Risk factors in bee and Vespula venom allergy: state of the art

Please always quote using this URN: urn:nbn:de:bvb:20-opus-270498
  • Background Correct recognition of risk factors enables individualized management and treatment of venom allergic patients. Methods Systematic research and review of current literature regarding the risk of (1) severe sting-induced anaphylaxis, (2) anaphylactic adverse event during venom immunotherapy (VIT), and (3) treatment failure. Results and discussion (1) Mastocytosis is the most important risk factor for severe sting-induced anaphylaxis. Hereditary α‑tryptasemia was recently identified as a genetic predictor of severe reactions.Background Correct recognition of risk factors enables individualized management and treatment of venom allergic patients. Methods Systematic research and review of current literature regarding the risk of (1) severe sting-induced anaphylaxis, (2) anaphylactic adverse event during venom immunotherapy (VIT), and (3) treatment failure. Results and discussion (1) Mastocytosis is the most important risk factor for severe sting-induced anaphylaxis. Hereditary α‑tryptasemia was recently identified as a genetic predictor of severe reactions. Older age is clearly associated with an increased risk; the respective impact of defined cardiovascular comorbidities has yet to be determined. Recent data do not support an aggravation of venom-induced anaphylaxis by intake of β‑blockers or angiotensin-converting enzyme (ACE) inhibitors. A higher risk in men can be attributed to more intensive exposure to stinging insects. (2) Anaphylactic side effects of VIT are most common during the buildup phase, particularly in the course of (ultra-)rush protocols involving a high number of injections and high cumulative daily doses. They are significantly more frequent during honeybee compared to Vespula VIT. Data supporting a negative effect of mastocytosis on the tolerability of VIT are scarce. Older age and cardiovascular medication are not associated with a higher incidence of VIT-induced anaphylaxis. (3) Relapsing anaphylactic reactions to both field and challenge stings are significantly more common during and after honeybee compared to Vespula VIT. Reports of severe field-sting reactions in mastocytosis patients suggest an increased risk of treatment failure which may be overcome by higher maintenance doses and longer duration of VIT.show moreshow less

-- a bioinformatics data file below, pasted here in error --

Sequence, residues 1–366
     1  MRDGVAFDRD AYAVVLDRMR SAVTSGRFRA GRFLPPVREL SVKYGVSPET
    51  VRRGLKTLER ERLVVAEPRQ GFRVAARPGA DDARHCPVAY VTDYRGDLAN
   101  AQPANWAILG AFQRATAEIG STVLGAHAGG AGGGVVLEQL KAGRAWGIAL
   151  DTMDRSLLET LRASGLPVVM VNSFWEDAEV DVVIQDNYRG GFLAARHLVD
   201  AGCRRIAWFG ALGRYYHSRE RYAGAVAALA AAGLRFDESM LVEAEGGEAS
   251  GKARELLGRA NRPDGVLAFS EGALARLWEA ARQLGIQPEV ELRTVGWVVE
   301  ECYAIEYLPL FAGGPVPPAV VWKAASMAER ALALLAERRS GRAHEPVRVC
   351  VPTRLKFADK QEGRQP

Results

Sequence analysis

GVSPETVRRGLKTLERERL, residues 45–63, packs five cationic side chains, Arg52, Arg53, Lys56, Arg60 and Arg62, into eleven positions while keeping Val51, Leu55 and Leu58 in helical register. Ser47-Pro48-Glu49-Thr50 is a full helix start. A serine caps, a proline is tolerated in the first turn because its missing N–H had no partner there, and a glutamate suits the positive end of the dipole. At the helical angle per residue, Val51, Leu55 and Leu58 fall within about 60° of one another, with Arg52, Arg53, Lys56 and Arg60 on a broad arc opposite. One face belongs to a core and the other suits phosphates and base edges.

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Metadaten
Author: Johanna Stoevesandt, Axel Trautmann
URN:urn:nbn:de:bvb:20-opus-270498
Document Type:Journal article
Faculties:Medizinische Fakultät / Klinik und Poliklinik für Dermatologie, Venerologie und Allergologie
Language:English
Parent Title (English):Allergo Journal International
ISSN:2197-0378
Year of Completion:2022
Schriftenreihe:Allergo Journal International 2022, 31(1):1-10. DOI: 10.1007/s40629-021-00187-1
Volume:31
Issue:1
Pagenumber:1-10
DOI:https://doi.org/10.1007/s40629-021-00187-1
Dewey Decimal Classification:6 Technik, Medizin, angewandte Wissenschaften / 61 Medizin und Gesundheit / 610 Medizin und Gesundheit
Tag:ACE inhibitor; Beta-blocker; age; hereditary alpha-tryptasemia; immunotherapy; mastocytosis
Release Date:2022/06/23
Licence (German):License LogoCC BY: Creative-Commons-Lizenz: Namensnennung 4.0 International